Drafts were written that were loosely related to the general themes
of DNS and multicast, but did not address the service discovery
aspect of NBP.
In April 2000, Stuart Cheshire registered IPv4 multicast address
22.214.171.124 with IANA and began writing code to test and develop the
idea of performing NBP-like service discovery using Multicast DNS,
which was documented in a group of three Internet-Drafts:
o "Requirements for a Protocol to Replace the AppleTalk Name Binding
Protocol (NBP)" [RFC6760] is an overview explaining the AppleTalk
Name Binding Protocol, because many in the IETF community had
little first-hand experience using AppleTalk, and confusion in the
IETF community about what AppleTalk NBP did was causing confusion
about what would be required in an IP-based replacement.
o "Discovering Named Instances of Abstract Services using DNS"
[NIAS], which later became this document, proposed a way to
perform NBP-like service discovery using DNS-compatible names and
o "Multicast DNS" [RFC6762] specifies a way to transport those DNS-
compatible queries and responses using IP multicast, for zero-
configuration environments where no conventional Unicast DNS
server was available.
In 2001, an update to Mac OS 9 added resolver library support for
host name lookup using Multicast DNS. If the user typed a name such
as "MyPrinter.local." into any piece of networking software that used
the standard Mac OS 9 name lookup APIs, then those name lookup APIs
would recognize the name as a dot-local name and query for it by
sending simple one-shot Multicast DNS queries to 126.96.36.199:5353.
This enabled the user to, for example, enter the name
"MyPrinter.local." into their web browser in order to view a
printer's status and configuration web page, or enter the name
"MyPrinter.local." into the printer setup utility to create a print
queue for printing documents on that printer.
Multicast DNS responder software, with full service discovery, first
began shipping to end users in volume with the launch of Mac OS X
10.2 "Jaguar" in August 2002, and network printer makers (who had
historically supported AppleTalk in their network printers and were
receptive to IP-based technologies that could offer them similar
ease-of-use) started adopting Multicast DNS shortly thereafter.
In September 2002, Apple released the source code for the
mDNSResponder daemon as Open Source under Apple's standard Apple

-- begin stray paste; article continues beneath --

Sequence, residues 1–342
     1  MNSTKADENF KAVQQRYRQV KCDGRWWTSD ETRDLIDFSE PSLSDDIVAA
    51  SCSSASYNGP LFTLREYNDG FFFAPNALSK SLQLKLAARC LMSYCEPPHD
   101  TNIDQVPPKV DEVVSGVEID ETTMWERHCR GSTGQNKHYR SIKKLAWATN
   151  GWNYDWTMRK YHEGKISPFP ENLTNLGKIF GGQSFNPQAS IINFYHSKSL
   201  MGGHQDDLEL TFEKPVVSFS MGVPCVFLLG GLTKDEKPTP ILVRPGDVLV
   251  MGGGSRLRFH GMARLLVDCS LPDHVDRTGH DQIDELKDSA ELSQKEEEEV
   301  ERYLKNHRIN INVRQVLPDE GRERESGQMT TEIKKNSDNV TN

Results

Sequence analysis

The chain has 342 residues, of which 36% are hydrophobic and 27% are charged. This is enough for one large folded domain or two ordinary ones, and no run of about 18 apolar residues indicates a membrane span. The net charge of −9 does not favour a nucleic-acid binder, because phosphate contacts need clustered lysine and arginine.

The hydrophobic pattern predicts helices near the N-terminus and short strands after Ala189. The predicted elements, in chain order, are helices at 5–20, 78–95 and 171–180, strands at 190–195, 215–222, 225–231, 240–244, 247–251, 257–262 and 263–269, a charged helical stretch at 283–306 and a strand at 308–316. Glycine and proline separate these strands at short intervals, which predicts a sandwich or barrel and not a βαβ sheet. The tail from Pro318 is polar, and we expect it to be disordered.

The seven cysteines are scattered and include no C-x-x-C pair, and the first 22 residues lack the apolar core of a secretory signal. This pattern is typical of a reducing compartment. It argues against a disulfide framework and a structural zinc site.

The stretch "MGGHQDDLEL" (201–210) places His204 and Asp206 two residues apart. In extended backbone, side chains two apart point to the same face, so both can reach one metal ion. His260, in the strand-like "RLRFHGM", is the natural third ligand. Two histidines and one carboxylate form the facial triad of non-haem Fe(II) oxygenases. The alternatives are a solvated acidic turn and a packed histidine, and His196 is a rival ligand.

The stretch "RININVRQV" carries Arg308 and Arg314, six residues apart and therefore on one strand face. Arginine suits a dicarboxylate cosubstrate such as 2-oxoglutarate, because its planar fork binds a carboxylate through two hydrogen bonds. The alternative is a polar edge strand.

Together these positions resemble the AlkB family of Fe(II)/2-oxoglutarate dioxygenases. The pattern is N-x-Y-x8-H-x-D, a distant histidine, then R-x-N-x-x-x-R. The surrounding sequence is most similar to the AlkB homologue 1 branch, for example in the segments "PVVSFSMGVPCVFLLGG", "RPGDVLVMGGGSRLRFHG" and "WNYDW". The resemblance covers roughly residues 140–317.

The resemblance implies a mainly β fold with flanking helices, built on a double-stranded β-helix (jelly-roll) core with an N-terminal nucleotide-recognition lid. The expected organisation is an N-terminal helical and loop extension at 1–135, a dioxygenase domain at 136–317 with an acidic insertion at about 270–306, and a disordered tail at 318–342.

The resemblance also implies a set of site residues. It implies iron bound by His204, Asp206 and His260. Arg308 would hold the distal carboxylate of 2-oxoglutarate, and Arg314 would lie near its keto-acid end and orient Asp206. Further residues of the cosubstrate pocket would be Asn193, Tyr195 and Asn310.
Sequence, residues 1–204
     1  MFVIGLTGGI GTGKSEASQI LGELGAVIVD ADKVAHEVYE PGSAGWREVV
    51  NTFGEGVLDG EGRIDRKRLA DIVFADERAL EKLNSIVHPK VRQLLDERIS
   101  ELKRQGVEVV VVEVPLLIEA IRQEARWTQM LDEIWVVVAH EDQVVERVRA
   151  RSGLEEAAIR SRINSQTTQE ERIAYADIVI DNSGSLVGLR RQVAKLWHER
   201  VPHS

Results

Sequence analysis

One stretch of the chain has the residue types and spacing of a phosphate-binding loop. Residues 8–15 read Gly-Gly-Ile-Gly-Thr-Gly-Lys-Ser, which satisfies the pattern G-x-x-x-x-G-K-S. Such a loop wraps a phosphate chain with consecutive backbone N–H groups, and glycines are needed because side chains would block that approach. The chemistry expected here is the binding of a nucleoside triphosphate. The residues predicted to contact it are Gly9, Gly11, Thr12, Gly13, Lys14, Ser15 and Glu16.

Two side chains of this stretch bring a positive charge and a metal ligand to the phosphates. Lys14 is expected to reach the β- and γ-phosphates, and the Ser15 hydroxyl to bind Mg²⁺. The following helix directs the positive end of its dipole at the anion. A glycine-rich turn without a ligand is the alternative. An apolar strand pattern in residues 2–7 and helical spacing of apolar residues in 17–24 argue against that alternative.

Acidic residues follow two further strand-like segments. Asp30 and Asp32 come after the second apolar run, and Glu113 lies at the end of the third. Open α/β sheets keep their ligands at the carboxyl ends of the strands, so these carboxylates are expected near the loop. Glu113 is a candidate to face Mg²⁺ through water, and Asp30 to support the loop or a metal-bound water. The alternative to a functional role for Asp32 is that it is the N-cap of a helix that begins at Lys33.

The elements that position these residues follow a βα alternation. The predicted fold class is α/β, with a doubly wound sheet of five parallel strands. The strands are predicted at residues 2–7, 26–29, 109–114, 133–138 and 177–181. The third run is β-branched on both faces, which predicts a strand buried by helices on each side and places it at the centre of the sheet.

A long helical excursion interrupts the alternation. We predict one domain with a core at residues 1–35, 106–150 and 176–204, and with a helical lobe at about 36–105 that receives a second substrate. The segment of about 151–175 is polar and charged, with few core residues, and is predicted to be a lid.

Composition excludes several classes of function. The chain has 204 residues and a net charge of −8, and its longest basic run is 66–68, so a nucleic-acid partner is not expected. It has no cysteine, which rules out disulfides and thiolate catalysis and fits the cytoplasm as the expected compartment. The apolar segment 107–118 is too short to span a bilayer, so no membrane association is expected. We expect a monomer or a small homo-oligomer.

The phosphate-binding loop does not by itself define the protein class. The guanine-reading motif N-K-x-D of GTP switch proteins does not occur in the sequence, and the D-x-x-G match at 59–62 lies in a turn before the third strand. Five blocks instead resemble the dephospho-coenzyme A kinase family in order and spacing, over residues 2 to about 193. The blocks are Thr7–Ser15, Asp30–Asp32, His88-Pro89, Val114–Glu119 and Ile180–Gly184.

Public Source License (APSL).
Multicast DNS responder software became available for Microsoft
Windows users in June 2004 with the launch of Apple's "Rendezvous for
Windows" (now "Bonjour for Windows"), both in executable form (a
downloadable installer for end users) and as Open Source (one of the
supported platforms within Apple's body of cross-platform code in the
publicly accessible mDNSResponder CVS source code repository) [BJ].
In August 2006, Apple re-licensed the cross-platform mDNSResponder
source code under the Apache License, Version 2.0.
In addition to desktop and laptop computers running Mac OS X and
Microsoft Windows, Multicast DNS is now implemented in a wide range
of hardware devices, such as Apple's "AirPort" wireless base
stations, iPhone and iPad, and in home gateways from other vendors,
network printers, network cameras, TiVo DVRs, etc.
The Open Source community has produced many independent
implementations of Multicast DNS, some in C like Apple's
mDNSResponder daemon, and others in a variety of different languages
including Java, Python, Perl, and C#/Mono.
In January 2007, the IETF published the Informational RFC "Link-Local
Multicast Name Resolution (LLMNR)" [RFC4795], which is substantially
similar to Multicast DNS, but incompatible in some small but
important ways. In particular, the LLMNR design explicitly excluded
support for service discovery, which made it an unsuitable candidate
for a protocol to replace AppleTalk NBP [RFC6760].
While the original focus of Multicast DNS and DNS-Based Service
Discovery was for zero-configuration environments without a
conventional Unicast DNS server, DNS-Based Service Discovery also
works using Unicast DNS servers, using DNS Update [RFC2136] [RFC3007]
to create service discovery records and standard DNS queries to query
for them. Apple's Back to My Mac service, launched with Mac OS X
10.5 "Leopard" in October 2007, uses DNS-Based Service Discovery over
Unicast DNS [RFC6281].
In June 2012, Google's Android operating system added native support
for DNS-SD and Multicast DNS with the android.net.nsd.NsdManager
class in Android 4.1 "Jelly Bean" (API Level 16) [NSD].
1 Infinite Loop
Cupertino, CA 95014
Phone: +1 408 974 3207
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Cupertino, CA 95014
Phone: +1 408 974 4368